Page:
Can Citizenship achieve its goals? Citizenship through a critical reading of Althusser and Deleuze

In 2012 I was doing teacher training at the Institute of Education and I had to write an essay so I wrote this about Citizenship lessons and the educational theories of Althusser and Deleuze. Anyway I got a good grade for it so thought I’d publish for people to read!

Abstract

This paper examines the emerging role of Citizenship as an educational project to encourage civic participation amongst young people and examines some of the barriers or blockages that might prevent it from achieving this intended aim. By using insights from the theories of Louis Althusser and Gilles Deleuze, contrasting a structuralist and post-structuralist radical approach to education theory, the essay explores the antagonisms and contradictory pressures on Citizenship teaching and how young people react to it as agents in an increasingly post-political social arrangement. The paper suggests that unless Citizenship escapes the limitations placed on it by dominant ideologies then it will remain unable to fulfil its potential to engage new generations with political life.

Keywords: Citizenship, Althusser, Deleuze, structuralism, post-structuralism, critical theory, engagement

Education makes a people easy to lead, but difficult to drive: easy to govern, but impossible to enslave.

Peter Brougham 

As a new subject in the British curriculum, Citizenship was launched with a bold agenda, no less than to create “change in the political culture of this country both nationally and locally” (Crick 1998:7). Yet a decade after its inaugural lessons, the ability of Citizenship to achieve its laudable goals remains unclear, even as the meaning of those goals is fought over by governments. This essay will critically examine the role of citizenship in the context of the educational theories of the structuralist thinker Louis Althusser and the post-structuralist ideas of Giles Deleuze and Felix Guattari. At its core it will ask if Citizenship can really re-engage young people and change the political culture, or whether the institutional barriers that Althusser and Deleuze identified prevent such a possibility. It will do this by exploring the relationship of the subject to the school system and wider society through a series of antagonisms, nodes of contradiction which offer either the danger of fundamentally undermining the course or giving it an even greater degree of effectiveness.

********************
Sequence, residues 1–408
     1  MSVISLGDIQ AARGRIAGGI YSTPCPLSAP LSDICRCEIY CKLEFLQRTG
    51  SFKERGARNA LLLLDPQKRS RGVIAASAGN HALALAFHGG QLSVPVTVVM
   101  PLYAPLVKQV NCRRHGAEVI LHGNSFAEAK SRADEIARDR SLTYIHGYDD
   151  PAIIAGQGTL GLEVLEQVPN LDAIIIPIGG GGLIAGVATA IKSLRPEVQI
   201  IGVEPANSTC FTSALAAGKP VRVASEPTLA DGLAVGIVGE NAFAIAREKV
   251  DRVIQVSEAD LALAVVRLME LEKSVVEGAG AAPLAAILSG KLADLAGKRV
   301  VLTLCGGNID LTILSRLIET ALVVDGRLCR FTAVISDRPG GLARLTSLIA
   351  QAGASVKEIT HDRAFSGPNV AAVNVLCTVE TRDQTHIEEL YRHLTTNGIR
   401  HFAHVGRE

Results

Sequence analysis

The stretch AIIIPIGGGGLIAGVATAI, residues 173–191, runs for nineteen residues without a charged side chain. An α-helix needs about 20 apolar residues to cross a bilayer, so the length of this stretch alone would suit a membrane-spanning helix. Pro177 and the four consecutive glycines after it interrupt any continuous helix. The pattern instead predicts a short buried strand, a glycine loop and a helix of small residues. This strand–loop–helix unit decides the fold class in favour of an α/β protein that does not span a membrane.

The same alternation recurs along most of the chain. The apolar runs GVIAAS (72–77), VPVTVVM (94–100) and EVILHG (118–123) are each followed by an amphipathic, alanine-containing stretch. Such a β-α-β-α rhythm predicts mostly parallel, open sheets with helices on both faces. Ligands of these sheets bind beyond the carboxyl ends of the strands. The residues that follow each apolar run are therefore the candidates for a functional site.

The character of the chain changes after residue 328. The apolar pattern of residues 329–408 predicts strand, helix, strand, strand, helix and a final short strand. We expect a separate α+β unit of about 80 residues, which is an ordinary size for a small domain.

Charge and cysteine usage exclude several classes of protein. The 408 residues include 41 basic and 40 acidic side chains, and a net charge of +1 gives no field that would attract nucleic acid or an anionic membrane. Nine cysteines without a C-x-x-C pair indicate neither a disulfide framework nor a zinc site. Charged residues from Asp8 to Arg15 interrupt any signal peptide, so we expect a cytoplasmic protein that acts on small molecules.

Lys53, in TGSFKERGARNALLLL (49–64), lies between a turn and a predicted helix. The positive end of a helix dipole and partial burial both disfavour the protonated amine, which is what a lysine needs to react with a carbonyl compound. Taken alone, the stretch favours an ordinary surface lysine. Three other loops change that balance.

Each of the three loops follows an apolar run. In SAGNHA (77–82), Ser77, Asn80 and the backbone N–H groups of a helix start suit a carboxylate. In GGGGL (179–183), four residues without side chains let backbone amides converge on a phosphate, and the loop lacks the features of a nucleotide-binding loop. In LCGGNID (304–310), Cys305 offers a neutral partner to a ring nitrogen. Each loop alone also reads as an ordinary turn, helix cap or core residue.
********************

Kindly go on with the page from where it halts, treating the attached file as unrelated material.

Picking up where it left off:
What it means to be a citizen, or whether such a thing could even be taught, is hotly debated (e.g. Osler and Starkey 2003, Furedi 2005). Whilst elements of citizenship teaching have existed in the curriculum and different subjects for some time, the idea of a separate course in Citizenship only really gained traction after the New Labour government took power in 1997. The White Paper Excellence in Schools (DfEE, 1997)called “to strengthen education for citizenship and the teaching of democracy in schools”. The White Paper itself was the culmination of thirty years work by the Politics Association alongside other educators and politicians who saw a value in a course which specifically promoted civic participation (Crick 2002:488-493).

Sir Bernard Crick was nominated to lead the enquiry and provide recommendations to the government on the possibility of Citizenship as a subject. His report (published 1998) emphasised the “teaching of democracy” as a remedy to the “worrying levels of apathy, ignorance and cynicism about public life” (DfEE & QCA, 1998:8) Seeing a worrying deficiency in the political sphere concerning participation, most importantly by young people, Crick looked to old ideas of civic republicanism and political literacy (Hayward and Jerome 2009:2) to galvanise new generations into political life. As such, the new subject was intended to revive an ailing representative democracy through promoting an active “citizen democracy”. As a confirmation of the concerns of the Crick report, the 2001 general election saw a dramatic collapse in the popular vote, to the lowest level since 1918, with only three in five eligible people voting. Jack Straw rather complacently argued that the low vote was the result of “a politics of contentment” (BBC News, 2001). In fact the deeper concern was that it reflected a wider trend of political disengagement which if left unchecked would erode the legitimacy of the liberal democratic system.